Ron Paul Responds to Racism Charges on CNN
Ron Paul recently appeared on CNN to address charges of racism. The video is available on YouTube and I recommend that everyone watch it.
I still don't think the response is fully adequate, but there are a number of points that I think are important in terms of a total evaluation of the situation:
- Paul explicitly and repeatedly repudiates the views expressed in the newsletters.
- Paul calls Rosa Parks, Martin Luther King, and Ghandi "heroes" of individual liberty for their use of non-violent civil disobedience to oppose abuse of power by government.
- Paul says the article and its timing were politically motivated. In my opinion, some of the distortions and misleading statements in the New Republic article border on slander, and the timing is indeed suspicious, but that doesn't take away from just how bad some of the newsletter comments were. More discussion on this subject here and here. Paul says that, in particular, the revelation was intended to undermine his considerable support among black voters.
- Paul, to his credit, identifies a specific form of discrimination and insists that he, unlike any other candidate, will end it. The form of discrimination he refers to is in the enforcement of drug laws, and also the disproportionate impact that the drug war, which is completely out of control, has on the black community, and especially on the urban poor. He promises, specifically, to pardon every non-violent individual, of any race, who is currently imprisoned for drug possession. At one point Paul says that 67% of blacks are imprisoned; I assume he misspoke and intended to say that 67% of prison inmates are black.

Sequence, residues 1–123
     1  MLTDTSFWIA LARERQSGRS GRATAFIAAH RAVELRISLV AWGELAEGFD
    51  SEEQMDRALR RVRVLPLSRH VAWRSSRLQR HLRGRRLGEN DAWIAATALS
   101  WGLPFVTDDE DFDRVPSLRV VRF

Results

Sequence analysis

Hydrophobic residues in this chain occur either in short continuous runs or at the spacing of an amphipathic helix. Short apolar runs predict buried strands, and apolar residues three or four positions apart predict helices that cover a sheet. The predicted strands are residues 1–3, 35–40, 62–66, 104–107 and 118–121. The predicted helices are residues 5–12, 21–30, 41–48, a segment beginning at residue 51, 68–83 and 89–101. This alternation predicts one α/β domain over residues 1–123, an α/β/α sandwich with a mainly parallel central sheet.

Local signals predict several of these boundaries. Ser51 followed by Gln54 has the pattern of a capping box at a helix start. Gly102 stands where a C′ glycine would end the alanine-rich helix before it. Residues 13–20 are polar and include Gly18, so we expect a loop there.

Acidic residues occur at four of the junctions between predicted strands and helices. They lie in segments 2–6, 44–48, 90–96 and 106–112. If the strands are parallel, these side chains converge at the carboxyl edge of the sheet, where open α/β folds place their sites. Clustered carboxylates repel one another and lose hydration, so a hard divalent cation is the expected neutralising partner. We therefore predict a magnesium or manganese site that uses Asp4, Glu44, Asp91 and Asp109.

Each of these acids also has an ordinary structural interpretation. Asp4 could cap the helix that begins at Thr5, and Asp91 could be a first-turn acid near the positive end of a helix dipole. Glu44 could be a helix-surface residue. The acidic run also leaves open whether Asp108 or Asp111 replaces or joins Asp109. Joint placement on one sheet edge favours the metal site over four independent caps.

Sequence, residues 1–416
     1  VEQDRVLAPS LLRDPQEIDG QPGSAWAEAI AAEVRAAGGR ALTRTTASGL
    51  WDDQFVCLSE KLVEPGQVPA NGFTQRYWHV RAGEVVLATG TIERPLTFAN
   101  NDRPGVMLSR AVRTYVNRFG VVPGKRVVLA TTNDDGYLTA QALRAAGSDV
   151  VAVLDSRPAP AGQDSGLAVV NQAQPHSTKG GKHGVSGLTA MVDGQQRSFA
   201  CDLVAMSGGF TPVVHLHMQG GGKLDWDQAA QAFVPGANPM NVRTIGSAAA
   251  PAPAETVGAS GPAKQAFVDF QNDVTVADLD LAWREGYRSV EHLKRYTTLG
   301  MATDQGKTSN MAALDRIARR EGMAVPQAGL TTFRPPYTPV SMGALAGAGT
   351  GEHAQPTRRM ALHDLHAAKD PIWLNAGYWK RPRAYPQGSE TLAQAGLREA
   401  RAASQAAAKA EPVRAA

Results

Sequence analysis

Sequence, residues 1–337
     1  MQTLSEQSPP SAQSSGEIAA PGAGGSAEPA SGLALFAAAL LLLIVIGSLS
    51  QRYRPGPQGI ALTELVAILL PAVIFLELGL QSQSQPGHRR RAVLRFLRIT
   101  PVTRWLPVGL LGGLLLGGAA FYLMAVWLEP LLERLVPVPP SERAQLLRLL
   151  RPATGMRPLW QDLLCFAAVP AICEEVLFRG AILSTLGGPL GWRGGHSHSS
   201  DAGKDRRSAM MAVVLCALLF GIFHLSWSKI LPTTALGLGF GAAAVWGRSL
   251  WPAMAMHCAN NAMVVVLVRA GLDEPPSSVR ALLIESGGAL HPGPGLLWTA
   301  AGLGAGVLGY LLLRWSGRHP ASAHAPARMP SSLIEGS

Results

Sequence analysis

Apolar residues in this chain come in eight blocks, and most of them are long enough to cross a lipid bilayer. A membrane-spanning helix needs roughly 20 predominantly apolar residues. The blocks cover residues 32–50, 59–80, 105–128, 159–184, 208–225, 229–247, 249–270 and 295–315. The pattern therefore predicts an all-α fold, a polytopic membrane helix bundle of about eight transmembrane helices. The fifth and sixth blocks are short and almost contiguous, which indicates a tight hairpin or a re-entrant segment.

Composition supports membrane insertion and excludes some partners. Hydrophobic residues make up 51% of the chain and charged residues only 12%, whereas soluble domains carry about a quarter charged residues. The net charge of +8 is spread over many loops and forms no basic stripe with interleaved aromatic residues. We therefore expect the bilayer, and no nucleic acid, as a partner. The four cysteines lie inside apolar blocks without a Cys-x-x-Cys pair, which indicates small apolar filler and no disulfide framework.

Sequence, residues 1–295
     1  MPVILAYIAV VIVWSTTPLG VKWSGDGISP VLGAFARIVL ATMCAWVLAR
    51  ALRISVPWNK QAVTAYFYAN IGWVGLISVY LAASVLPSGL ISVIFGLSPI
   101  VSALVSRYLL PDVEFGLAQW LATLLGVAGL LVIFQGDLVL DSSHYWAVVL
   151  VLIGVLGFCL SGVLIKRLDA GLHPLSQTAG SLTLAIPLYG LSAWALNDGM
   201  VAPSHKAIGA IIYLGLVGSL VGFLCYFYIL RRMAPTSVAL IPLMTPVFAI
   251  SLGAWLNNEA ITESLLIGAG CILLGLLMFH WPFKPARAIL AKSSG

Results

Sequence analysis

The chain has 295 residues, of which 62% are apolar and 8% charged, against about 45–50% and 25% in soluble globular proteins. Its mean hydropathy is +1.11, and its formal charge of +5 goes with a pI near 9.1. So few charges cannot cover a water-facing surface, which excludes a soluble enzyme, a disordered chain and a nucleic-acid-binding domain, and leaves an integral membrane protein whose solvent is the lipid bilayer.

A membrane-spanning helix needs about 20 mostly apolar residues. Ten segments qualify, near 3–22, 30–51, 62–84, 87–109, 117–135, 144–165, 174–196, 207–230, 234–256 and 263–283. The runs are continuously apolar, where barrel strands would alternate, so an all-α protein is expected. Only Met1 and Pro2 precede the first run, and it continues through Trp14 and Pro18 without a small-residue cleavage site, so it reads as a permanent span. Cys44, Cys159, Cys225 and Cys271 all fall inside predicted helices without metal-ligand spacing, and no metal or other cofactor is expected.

- Paul implies that he served as the "publisher" of the newsletters but had nothing to do with the day-to-day running of the organization - the editor takes care of that. He also implies that there were some personnel shakeups around the time in question and that he was not involved in the hiring process. He does not name the editor.
- Paul says that many of the articles published in the New Republic he had not even seen prior to publication.
- Paul provides no explanation for why he was not paying attention, other than that he was busy with his medical practice and traveling to speaking engagements.
- Paul points out (as Wolf Blitzer agrees) that the better people know him, the more certain they are that he didn't write these articles. From what I can find online this seems to be true. The first two links above are people who think they know who one or more of the ghostwriters were.
- Finally, Paul recognizes that he hasn't yet addressed this issue on the national stage. His argument that he dealt with the issue with his own constituents and they still elected him isn't going to cut it, because, honestly, most of America won't trust rural Texas to ensure that its congressmen are not racists. He hints at the end that he recognizes a need to go further.
That's about it. I'm still not fully satisfied with his response, but it is better and more complete than his initial press release. It wouldn't take much more at this point to convince me again that Paul is better than any of the other candidates (after all, the bar is set pretty low - I can't really even think who else I would vote for; John McCain, Dennis Kucinich, and Mike Gravel would be frontrunners, though Kucinich and Gravel may drop out by the time Washington's primary comes around), but it would take a lot for me to be an enthusiastic supporter again.
Posted by Kenny at January 12, 2008 12:10 PM